Technological improvements of silicon based quantum devices for a scalable qubit architecture
Klos, Jan; Bluhm, Jörg (Thesis advisor); Knoch, Joachim (Thesis advisor)
Aachen : RWTH Aachen University (2023)
Dissertation / PhD Thesis
Dissertation, RWTH Aachen University, 2023
Gate-defined electron spin quantum bits localized in a silicon-based substrate are an excellent platform for scalable quantum computing systems with outstanding qubit performance metrics such as long coherence times and high manipulation fidelities. However, the confined electron constantly interacts with the semiconductor host-crystal and its charged defects and imperfections on a length scale of tens of nanometers. Hence, technological improvements are necessary to ensure a scalable qubit architecture. In this work, dominant sources of electrostatic potential disorder are identified and used to define technological requirements for improvement. Based on electrostatic simulations of representative quantum devices, charged defects located within the dielectric layers below the metal gate structure have been identified to exhibit a dominating influence on the potential landscape surrounding the qubits. From these three aspects for technological improvements are derived and investigated in more detail in this work, stating (1) the need for a high-density, high process yield, single-layer gate structure with sub-50 nm gate footprint, (2) the minimization of charged defects within the dielectric layers and (3) the quantification of the sub-nanometer influence of quantum chip fabrication on the confining interfaces of a Si/SiGe heterostructure. First, a novel spacer-based gate structure fabrication approach is developed in an academic cleanroom environment and used to fabricate single-layer double quantum dot gate structures with gate widths ranging between 25 nm and 50 nm and SiO2 insulation thickness ranging from 12 nm up to 25 nm. The approach is compatible with industrial CMOS semiconductor fabrication lines and allows high-yield and low variability. Process development is performed by systematic post-process data analysis. In-line process metrology based on top-down SEM measuring the critical dimension in combination with a novel empirical fit-function edge detection algorithm is used to measure process dependent fabrication biases and characterize individual quality parameters along the full fabrication process. Electrical characterization at cryogenic temperatures exhibits suitable metal gate conductivities but suggest to limit gate designs to linear gates. Second, the dielectric material stack is optimized with respect to charged defect concentrations based on impedance spectroscopy of MOS capacitors at room temperature. Minimal concentrations of charge defects of (1.3 ± 0.9) ⋅ 1E11 cm-2 and interface traps of (3.9 ± 1.0) ⋅ 1E10 eV-1cm-2 for a material stack consisting of 5.2 nm CVD SiO2 and 20 nm ALD Al2O3. The resulting potential variation measured at the SiO2/Si interface is as low as (57 ± 3) meV. No systematic advantage for an enhanced dielectric quality based on various deposition processes and material sources has been observed. Third, a state-of-the-art MBE-grown isotopically purified 28Si/Si0.7Ge0.3 heterostructure is investigated using HR-TEM, APT and low-energy ToF-SIMS with sub-nanometer resolution. Post-growth thermal treatment with temperatures exceeding the heterostructure growth temperature increase the interface widths of the 28Si quantum well (QW). Moreover, interface widths vary for Si and Ge with (0.5 ± 0.1) nm and (0.76 ± 0.03) nm at the top interface of the QW, respectively. Ge segregation is identified affecting both QW interfaces by forming a leading edge, locally increasing concentration of natural Si at the top interface, and a Ge trailing edge extending multiple nanometers into the QW at the bottom interface. By comparing with earlier measurements, two conclusions are drawn: First, large valley splittings do not require atomistically sharp QW interfaces and allow some interface width as measured in this work. Second, the increased concentration of 29Si nuclear spins from the leading edge and of Ge from the trailing edge in the QW are not limiting the measured state-of-the-art qubit dephasing times.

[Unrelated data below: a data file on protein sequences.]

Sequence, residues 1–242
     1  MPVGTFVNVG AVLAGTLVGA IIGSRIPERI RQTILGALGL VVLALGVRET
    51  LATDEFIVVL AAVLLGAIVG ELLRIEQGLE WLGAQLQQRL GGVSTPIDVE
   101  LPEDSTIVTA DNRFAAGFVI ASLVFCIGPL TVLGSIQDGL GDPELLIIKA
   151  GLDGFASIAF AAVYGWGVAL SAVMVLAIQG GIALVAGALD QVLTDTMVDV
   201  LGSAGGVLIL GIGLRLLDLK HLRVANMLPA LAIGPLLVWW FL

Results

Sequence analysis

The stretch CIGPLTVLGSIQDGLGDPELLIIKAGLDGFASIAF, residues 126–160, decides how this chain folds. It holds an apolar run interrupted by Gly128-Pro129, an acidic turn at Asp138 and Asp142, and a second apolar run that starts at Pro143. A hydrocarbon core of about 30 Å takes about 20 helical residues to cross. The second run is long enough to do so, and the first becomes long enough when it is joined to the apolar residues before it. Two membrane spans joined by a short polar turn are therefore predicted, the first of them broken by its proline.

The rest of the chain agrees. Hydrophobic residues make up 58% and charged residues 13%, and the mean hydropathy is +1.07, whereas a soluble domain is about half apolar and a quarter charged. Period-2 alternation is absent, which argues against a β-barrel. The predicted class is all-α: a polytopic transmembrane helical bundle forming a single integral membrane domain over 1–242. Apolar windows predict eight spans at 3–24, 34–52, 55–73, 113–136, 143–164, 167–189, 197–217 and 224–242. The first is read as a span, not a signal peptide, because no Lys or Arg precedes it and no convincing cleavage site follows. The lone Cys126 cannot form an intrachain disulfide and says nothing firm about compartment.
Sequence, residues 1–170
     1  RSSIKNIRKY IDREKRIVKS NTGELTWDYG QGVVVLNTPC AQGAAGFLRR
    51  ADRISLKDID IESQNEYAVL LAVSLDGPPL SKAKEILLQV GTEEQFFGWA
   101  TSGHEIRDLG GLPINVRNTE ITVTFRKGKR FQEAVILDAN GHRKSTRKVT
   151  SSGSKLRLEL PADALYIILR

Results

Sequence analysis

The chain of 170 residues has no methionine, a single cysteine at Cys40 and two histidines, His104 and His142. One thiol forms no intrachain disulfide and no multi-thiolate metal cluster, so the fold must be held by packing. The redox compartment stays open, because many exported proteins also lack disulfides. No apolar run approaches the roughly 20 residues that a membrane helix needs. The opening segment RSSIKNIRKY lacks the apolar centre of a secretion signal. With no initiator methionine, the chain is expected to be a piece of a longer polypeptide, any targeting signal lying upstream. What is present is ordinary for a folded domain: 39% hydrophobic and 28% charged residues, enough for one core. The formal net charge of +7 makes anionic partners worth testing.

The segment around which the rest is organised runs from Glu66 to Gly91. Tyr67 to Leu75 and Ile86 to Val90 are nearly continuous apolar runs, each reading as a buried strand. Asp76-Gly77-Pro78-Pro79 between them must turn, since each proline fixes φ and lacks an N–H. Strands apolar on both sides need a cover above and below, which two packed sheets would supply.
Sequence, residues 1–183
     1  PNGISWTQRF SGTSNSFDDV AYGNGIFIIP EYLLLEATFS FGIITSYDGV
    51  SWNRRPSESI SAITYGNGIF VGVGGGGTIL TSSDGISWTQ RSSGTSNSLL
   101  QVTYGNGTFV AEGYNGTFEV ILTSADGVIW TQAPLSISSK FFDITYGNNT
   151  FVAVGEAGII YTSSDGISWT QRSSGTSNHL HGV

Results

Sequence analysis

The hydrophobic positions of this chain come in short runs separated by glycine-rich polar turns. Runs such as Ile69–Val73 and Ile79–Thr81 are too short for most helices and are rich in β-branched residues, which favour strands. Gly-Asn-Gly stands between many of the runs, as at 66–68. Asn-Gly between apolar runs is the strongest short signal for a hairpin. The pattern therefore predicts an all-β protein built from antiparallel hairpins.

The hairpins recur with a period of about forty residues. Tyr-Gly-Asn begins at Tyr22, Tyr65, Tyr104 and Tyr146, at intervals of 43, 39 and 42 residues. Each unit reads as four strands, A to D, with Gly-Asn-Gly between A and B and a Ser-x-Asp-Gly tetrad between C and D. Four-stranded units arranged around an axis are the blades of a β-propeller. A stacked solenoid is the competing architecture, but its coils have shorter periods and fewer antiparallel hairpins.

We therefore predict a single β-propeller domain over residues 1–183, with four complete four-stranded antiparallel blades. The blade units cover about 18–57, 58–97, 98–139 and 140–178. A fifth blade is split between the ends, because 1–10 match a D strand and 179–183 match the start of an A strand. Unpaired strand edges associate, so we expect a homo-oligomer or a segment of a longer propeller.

- Department of Physics 
- Chair of Experimental Physics and Institute of Physics II